Fred Redekop

Paging Daryl and Java Man

Neandertals did not paint their caves with the images of animals. But perhaps they had no need to distill life into representations, because its essences were already revealed to their senses.
—James Shreeve, The Neandertal Enigma


One Sunday morning in 1986, a psychiatrist named Ira Hartsock jogged in the woods and lost his brand-new Motorola numeric pager. Another man, walking on the same trail, found it; just as he picked it up, it went off. Uncertain what the object was, the man carried it home and called a friend, who explained the new technology and suggested he try the number. So he did.
     A woman answered. “You found it next to coyote scat?” she asked, after he explained the situation. “Is scat what I think it is? And how do you know it came out of a coyote?”
     He explained to her that the scat was twisted like a corkscrew. Also, it contained berry seeds. “Coyotes are opportunistic,” he said, cradling the phone against his shoulder and looking at the scat inside a baggie. “But it’s a red herring that if you find it in the middle of the trail, like I did, then it has to be a coyote, you know, the alpha dog dominance thing. Bobcats will do it, foxes will, it’s not diagnostic.”
     “Coyote scat is a red herring?” The woman’s mind whirled. Before she called, she had been in despair. Now, after talking to a strange man about strange things, she felt much better. It was oddly comforting to know that someone knew how to identify the beasts of the forest by their droppings. She mentioned that she had just seen The Clan of the Cave Bear, and the man cleared his throat; then, after a short silence, pointed out the mistakes in the movie, though in a nice way, she thought. He told her about a flint-knapping class at the university where he had made an Acheulian handaxe out of obsidian as his final project. The receiver was warm against her ear as he described how he struck the blank from the mother stone and dressed the point and edges; his voice got louder and she held the phone away and the words flew past her like stray flakes.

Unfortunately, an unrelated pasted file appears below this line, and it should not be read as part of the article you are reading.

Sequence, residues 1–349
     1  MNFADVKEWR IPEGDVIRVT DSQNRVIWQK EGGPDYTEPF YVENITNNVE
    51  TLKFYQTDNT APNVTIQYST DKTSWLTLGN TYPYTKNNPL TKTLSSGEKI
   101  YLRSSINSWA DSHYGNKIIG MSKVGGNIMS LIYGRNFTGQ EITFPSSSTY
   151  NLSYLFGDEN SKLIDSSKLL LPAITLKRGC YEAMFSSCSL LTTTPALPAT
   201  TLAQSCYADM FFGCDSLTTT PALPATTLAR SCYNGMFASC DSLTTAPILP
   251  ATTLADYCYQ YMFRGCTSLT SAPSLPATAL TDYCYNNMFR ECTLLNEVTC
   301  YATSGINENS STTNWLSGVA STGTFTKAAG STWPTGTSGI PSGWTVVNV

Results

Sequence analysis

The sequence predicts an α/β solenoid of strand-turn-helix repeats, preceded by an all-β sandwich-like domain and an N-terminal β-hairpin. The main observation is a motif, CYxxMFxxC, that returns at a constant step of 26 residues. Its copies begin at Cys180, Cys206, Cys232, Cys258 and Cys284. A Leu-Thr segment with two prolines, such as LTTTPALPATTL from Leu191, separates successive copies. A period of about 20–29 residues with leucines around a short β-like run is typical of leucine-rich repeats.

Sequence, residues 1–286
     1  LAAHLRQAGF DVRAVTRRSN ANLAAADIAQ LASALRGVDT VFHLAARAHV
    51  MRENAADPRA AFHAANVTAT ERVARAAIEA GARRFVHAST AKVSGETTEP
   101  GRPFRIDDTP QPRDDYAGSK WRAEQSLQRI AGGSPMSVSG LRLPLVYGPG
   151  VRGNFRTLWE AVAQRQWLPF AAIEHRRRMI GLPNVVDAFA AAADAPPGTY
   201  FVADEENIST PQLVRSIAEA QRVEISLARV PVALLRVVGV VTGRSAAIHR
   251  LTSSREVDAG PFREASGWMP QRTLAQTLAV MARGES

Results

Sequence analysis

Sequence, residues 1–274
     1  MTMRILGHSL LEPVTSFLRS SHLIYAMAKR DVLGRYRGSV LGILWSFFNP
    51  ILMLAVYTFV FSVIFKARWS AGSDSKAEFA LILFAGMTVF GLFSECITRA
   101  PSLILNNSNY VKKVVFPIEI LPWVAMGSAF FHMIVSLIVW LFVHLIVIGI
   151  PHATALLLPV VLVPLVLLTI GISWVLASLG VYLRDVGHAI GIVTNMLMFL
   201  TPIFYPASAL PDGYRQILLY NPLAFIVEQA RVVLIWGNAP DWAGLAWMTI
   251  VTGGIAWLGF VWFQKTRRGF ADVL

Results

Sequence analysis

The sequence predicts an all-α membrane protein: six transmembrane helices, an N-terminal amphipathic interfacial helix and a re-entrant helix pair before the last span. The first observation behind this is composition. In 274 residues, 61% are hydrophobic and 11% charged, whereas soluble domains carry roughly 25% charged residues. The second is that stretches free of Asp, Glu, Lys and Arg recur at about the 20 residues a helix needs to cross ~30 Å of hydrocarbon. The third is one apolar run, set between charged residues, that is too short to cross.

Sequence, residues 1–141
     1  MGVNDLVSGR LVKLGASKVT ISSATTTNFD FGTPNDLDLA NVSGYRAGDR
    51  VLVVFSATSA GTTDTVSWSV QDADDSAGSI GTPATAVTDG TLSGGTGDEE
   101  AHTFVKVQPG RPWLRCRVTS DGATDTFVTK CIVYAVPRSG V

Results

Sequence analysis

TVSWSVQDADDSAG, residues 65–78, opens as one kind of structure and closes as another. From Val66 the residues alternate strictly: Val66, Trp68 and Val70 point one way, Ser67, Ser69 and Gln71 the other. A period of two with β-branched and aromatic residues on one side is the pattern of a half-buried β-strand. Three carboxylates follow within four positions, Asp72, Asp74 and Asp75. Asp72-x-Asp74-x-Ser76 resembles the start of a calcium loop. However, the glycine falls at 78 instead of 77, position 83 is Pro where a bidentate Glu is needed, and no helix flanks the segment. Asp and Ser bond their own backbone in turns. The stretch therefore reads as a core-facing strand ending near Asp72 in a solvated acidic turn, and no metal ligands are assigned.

“It’s just that I know that if I had my knapping kit and a good supply of chert, I could last in the woods for months,” he said, apologizing. “I’m not dangerous or anything.”
     “That’s okay,” she said. “I’m the one with a psychiatrist.”
     “Are you dangerous?”
     She imagined herself in a forest, foraging for acorns and mushrooms. For many years, she had been creating unnecessary problems and it was time to stop. “Just to myself,” she said. “Were women back then really as muscular as men?”
     They arranged to meet that afternoon at a coffee shop. He brought the handaxe and the pager; she dropped the handaxe on her foot. She was wearing leather shoes, but even so, it sliced through the uppers and made a small gash on her foot. The man pulled out a pouch and with her foot in his lap put antiseptic and a dressing on the wound. His name was Brian, but she asked if she could call him Java Man. He decided to call her Daryl.
     Java Man put the handaxe in his pouch, and Daryl put the pager in her purse. There was an awkward silence, each wondering if they could take any more rejection in their lives. Java Man took a breath and asked for her number.
     Daryl burst out laughing. “You called me, remember?”
     Seeing his embarrassment, Daryl was reminded how much she hated her laugh; it seemed that it had brought her nothing but misery. Java Man was suddenly sleepy. His vision narrowed and he didn’t want anything except a clear path to his couch.
     The pager went off. They called the number on a pay phone in the lobby, and, passing the receiver back and forth, told the older woman on the other end of the line the story of how they had met. As Daryl talked, her face reminded Java Man of his mother’s when she hadn’t been drinking; when he talked, Daryl noticed that he had an interesting way of phrasing things. At the end of the conversation, for instance, he said, “Please remember, you aren’t very big. None of us are.”